In her 28 years of public service, Arizona Gov. Jan Brewer "has never supported a tax increase," according to Tim Bee, her Southern Arizona representative.
She is now. The Republican governor is advocating for the May 18 passage of a three-year, 1 percent sales tax increase because it is "absolutely vital to the future of our state," Bee told a Marana Chamber of Commerce lunch gathering last Thursday.
"Why a penny more in sales tax during this downturn?" Bee asked. "That's the last thing the governor wants to do, to run for governor after an increase in taxes."
But, he said, "she wants to run as the governor that told the truth, and tried to fix the problem."
Bee detailed the litany of revenue declines and budget conflicts plaguing Arizona. Revenues, topping $10 billion a year just over two years ago, are now expected to be $6.3 billion. In the last 18 months, the Legislature has borrowed money or used one-time funding sources "to the tune of almost $7 billion," Bee said. It has sold and leased back state assets. "They have virtually mortgaged everything the state owns. I'll be 60 when we pay these things off, all to pay this year's spending off." Bee is 40.
Arizona has seen 20 years of ongoing tax reduction, and Bee was a part of that reduction while he served in the Legislature. "I supported the tax cuts," Bee said. "That's part of what brought us to where we are today."
The revenue decline is coupled with growth in Arizona's K-12 system by 150,000 students since 2004, the addition of 20,000 university students, and 11,000 more prisoners. The Arizona Health Care Cost Containment System, or AHCCS, has grown by 475,000 people, 200,000 in the last year alone. Meanwhile, Arizona voters have protected a number of budget areas from any reductions.
"To get out of this on just cuts alone, it's a bleak picture," and "not a practical solution," Bee said. Brewer has made $2.2 billion in spending reductions, "the biggest cuts ever in the history of Arizona. They were not easy decisions. She had to choose."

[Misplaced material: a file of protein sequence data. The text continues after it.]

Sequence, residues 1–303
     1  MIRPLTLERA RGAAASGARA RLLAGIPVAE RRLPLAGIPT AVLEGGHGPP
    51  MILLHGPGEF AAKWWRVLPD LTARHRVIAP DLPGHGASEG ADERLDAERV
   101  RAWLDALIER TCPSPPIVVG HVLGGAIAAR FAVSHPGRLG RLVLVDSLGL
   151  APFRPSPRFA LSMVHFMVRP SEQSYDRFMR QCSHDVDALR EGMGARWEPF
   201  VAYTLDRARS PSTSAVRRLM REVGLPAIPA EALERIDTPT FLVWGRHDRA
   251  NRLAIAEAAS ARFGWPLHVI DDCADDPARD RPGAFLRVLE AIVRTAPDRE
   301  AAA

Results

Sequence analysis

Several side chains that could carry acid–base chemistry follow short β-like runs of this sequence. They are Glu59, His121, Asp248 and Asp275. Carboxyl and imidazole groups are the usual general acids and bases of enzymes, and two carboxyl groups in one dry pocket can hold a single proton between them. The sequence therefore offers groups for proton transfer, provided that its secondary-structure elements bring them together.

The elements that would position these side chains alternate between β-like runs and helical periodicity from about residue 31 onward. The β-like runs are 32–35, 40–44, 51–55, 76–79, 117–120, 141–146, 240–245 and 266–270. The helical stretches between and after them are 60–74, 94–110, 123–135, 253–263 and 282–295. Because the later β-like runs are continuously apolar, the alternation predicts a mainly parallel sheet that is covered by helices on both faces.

The Legislature's new budget has a contingency spending plan within it. "If the tax fails, here's what's going to occur," Bee said. Required cuts exceed $548 million, from K-12, colleges and universities, and $867.5 million overall. Current K-12 cuts are about 10 percent. "It would be more than 20 percent if the sales tax goes down," Bee said.
"We would probably have to release about 6,000 felons if this doesn't pass," Bee said, with at least two prisons closing and more than 1,000 corrections jobs eliminated.
"Small revenue increases with massive cuts" in spending are "a balanced solution to the problem," Bee said.
Polling on the May 18 sales tax question "is still strong," Bee said, with one poll showing a 59-percent approval rating. The supportive Yes on 100 political action committee is raising money for a campaign, and it has a Web site. "Voter turnout could be the killer on it if we can't get people to the polls to vote. Our biggest challenge is probably educating people."
Bee told the chamber audience he is "your voice to the governor, as well as I am the governor's voice to you."
The Republican, who ran for the Congressional District 8 seat in 2008, bowing to Democrat Gabrielle Giffords, said Brewer "has proven to me to be a tremendous leader She ascended at what was probably one of the worst fiscal crises in the history of our state. She's made decisions most people would shy away from."